12. Relationship Between Accident Investigation & Accident Prevention? • Planned safe design. • Enforcement. • Audit/Inspection. • Positive Feedback System. • Hazard Recognition. • Safe Operating Methods and Practices.

  13. Prevention activities continued: • Education and Training. • Accountability Systems. • Effective Accident Investigation. Note that all, with the exception of Accident Investigation, are done prior to an accident, are (pro-active) activities. Although Accident Investigation is re-active, its value is that it can identify deficiencies, especially those in the management system.

  14. Contributory Causes Those actions or deficiencies that directly led to the unsafe act or unsafe condition. • Examples: • Poor Housekeeping • Hoses left in aisles • Failure to lock out • Machine guarding not in place • Failure to follow procedure • Horseplay • Failure to use protective equipment

  15. Root Causes Actions or deficiencies that permit the contributory causes to exist and when corrected result in long term solutions to similar accidents. Root Causes are often related to how our work activities are planned and managed.

  16. Examples of Root Causes • No Enforcement • No Accountability • Poor Example • Poor Observation Techniques • Poor Communication Procedures • Tolerance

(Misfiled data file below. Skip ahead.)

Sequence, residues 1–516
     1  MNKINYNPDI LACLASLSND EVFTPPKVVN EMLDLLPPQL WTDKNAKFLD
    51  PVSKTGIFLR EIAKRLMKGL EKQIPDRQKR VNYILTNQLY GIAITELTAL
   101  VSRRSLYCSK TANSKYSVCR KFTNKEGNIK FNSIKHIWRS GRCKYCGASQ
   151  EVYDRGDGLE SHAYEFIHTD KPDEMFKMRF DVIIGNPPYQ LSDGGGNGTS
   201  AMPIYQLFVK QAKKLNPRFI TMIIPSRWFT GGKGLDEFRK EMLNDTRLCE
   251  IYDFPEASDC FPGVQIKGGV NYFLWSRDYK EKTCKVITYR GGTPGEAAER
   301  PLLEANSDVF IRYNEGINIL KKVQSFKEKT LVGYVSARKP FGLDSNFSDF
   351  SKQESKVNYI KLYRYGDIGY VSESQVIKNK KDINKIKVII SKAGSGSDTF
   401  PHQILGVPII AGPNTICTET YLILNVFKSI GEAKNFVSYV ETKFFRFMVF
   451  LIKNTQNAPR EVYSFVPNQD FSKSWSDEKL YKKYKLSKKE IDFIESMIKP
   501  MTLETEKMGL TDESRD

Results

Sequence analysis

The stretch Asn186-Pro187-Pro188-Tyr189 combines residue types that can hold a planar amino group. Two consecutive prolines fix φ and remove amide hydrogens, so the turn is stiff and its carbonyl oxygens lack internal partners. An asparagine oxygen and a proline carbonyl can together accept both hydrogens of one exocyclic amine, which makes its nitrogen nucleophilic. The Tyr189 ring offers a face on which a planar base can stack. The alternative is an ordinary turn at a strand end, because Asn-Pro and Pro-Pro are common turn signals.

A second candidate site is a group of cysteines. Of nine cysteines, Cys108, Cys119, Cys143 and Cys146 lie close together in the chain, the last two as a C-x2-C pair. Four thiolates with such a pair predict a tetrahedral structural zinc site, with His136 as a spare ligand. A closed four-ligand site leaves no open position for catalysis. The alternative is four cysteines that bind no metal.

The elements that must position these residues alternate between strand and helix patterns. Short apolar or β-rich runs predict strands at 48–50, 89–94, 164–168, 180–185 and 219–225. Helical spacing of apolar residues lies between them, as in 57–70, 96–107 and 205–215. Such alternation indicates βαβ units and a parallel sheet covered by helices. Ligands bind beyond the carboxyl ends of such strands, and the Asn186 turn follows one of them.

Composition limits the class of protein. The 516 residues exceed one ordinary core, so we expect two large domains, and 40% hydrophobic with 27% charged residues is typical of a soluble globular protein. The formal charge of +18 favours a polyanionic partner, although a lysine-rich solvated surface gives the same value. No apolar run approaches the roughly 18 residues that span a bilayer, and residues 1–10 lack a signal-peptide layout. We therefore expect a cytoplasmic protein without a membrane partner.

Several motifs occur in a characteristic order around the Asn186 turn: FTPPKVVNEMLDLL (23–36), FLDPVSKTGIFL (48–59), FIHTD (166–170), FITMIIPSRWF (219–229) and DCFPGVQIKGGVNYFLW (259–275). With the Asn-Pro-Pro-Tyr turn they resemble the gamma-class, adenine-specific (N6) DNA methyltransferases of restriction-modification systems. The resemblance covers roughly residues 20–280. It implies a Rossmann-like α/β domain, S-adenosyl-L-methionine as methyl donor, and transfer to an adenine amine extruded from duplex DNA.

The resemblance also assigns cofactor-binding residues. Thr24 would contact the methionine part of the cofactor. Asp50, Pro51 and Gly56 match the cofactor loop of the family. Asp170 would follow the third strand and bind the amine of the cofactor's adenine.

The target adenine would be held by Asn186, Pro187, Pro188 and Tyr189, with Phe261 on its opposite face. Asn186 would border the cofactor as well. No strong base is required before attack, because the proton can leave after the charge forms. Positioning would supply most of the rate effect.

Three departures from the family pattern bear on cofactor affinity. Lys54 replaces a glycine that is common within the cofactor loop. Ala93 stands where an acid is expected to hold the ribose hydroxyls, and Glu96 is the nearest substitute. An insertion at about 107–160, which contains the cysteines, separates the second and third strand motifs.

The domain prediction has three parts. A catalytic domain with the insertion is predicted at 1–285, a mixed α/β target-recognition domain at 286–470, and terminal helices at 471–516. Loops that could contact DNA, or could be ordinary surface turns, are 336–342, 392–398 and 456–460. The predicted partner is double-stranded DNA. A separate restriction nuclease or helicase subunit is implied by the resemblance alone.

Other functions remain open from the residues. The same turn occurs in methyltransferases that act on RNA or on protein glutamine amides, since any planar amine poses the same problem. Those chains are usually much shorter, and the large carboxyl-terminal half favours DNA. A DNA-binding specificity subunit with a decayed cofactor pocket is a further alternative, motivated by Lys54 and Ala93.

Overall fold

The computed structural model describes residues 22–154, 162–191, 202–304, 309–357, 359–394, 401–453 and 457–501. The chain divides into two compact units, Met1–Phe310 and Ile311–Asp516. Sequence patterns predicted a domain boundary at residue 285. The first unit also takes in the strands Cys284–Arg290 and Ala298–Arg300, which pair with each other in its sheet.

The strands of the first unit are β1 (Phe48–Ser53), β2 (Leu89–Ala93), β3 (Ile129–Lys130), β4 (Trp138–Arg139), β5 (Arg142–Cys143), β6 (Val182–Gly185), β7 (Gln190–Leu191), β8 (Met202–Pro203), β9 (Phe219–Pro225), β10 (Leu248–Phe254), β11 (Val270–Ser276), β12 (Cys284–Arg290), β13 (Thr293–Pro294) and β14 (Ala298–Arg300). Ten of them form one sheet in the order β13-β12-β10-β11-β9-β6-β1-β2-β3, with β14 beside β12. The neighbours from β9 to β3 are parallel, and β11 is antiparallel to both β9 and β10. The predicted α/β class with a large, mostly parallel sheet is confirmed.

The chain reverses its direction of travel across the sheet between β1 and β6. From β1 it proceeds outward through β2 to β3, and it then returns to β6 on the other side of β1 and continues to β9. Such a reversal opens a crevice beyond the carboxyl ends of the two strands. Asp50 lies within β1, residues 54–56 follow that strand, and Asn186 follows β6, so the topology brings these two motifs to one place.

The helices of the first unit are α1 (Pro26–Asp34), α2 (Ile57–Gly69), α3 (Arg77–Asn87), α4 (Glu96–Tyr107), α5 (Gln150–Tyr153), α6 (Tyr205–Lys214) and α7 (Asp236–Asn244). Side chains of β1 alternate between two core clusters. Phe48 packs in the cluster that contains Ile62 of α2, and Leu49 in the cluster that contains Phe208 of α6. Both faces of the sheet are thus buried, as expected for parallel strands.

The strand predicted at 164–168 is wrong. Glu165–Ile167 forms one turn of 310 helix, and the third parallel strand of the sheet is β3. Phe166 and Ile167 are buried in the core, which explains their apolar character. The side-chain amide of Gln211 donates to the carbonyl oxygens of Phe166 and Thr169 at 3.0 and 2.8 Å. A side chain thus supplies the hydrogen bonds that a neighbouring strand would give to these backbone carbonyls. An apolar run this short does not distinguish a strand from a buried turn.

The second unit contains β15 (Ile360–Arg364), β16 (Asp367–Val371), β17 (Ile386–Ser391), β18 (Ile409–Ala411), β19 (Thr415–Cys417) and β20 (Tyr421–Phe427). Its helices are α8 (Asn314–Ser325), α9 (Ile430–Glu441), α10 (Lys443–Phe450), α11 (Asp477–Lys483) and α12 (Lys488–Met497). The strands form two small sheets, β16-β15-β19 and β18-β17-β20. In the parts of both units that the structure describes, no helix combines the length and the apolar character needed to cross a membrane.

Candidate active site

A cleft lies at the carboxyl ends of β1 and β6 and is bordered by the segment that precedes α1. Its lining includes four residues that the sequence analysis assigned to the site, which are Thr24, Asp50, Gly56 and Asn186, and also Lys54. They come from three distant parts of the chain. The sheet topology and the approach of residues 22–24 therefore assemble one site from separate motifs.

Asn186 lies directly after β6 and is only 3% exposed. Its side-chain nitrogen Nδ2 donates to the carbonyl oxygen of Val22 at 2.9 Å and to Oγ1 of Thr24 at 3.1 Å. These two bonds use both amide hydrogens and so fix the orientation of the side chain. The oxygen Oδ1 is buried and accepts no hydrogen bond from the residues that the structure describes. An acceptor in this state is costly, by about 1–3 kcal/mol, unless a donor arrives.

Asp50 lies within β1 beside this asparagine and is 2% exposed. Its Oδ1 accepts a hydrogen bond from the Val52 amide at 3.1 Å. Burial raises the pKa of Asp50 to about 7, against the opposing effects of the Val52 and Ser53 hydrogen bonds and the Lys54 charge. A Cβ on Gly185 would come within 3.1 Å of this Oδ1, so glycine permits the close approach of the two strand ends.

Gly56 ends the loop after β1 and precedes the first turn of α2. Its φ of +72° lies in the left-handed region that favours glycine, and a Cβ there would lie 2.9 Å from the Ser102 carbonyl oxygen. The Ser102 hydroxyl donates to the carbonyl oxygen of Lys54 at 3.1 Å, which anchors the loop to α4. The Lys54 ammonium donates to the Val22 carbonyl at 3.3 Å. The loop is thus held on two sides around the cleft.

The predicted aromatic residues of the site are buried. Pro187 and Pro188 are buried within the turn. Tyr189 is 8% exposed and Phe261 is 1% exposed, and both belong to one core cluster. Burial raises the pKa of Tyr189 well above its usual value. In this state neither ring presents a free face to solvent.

17. Unsafe Act Any behavior which is outside standard or acceptable practice which could increase the possibility of an unplanned event and possible accident.

  18. Unsafe Condition Any departure from the designed or expected conditions which could increase the probability of an unplanned event.

  19. First-Aid Case • One-time treatment, and follow-up visit for the purpose of observation of minor scratches, cuts, burns splinters or other minor injuries which do not ordinarily require medical care.

  20. Recordable Case • Work- related fatalities • Work-related illnesses • Work-related injuries which require medical treatment (other than first aid) • Injuries which involve days away from work; restriction of work or motion • Transfer to another job; or loss of consciousness.

  21. Lost Work Day Case • Any work-related recordable injury or illness which prevents the employee from being able to work the next scheduled shift or future workdays.

  22. Restricted Activity Case • Any Work-related injury or illness which prevents the employee from completing any or all of the tasks required by the job, or from completing an entire work shift.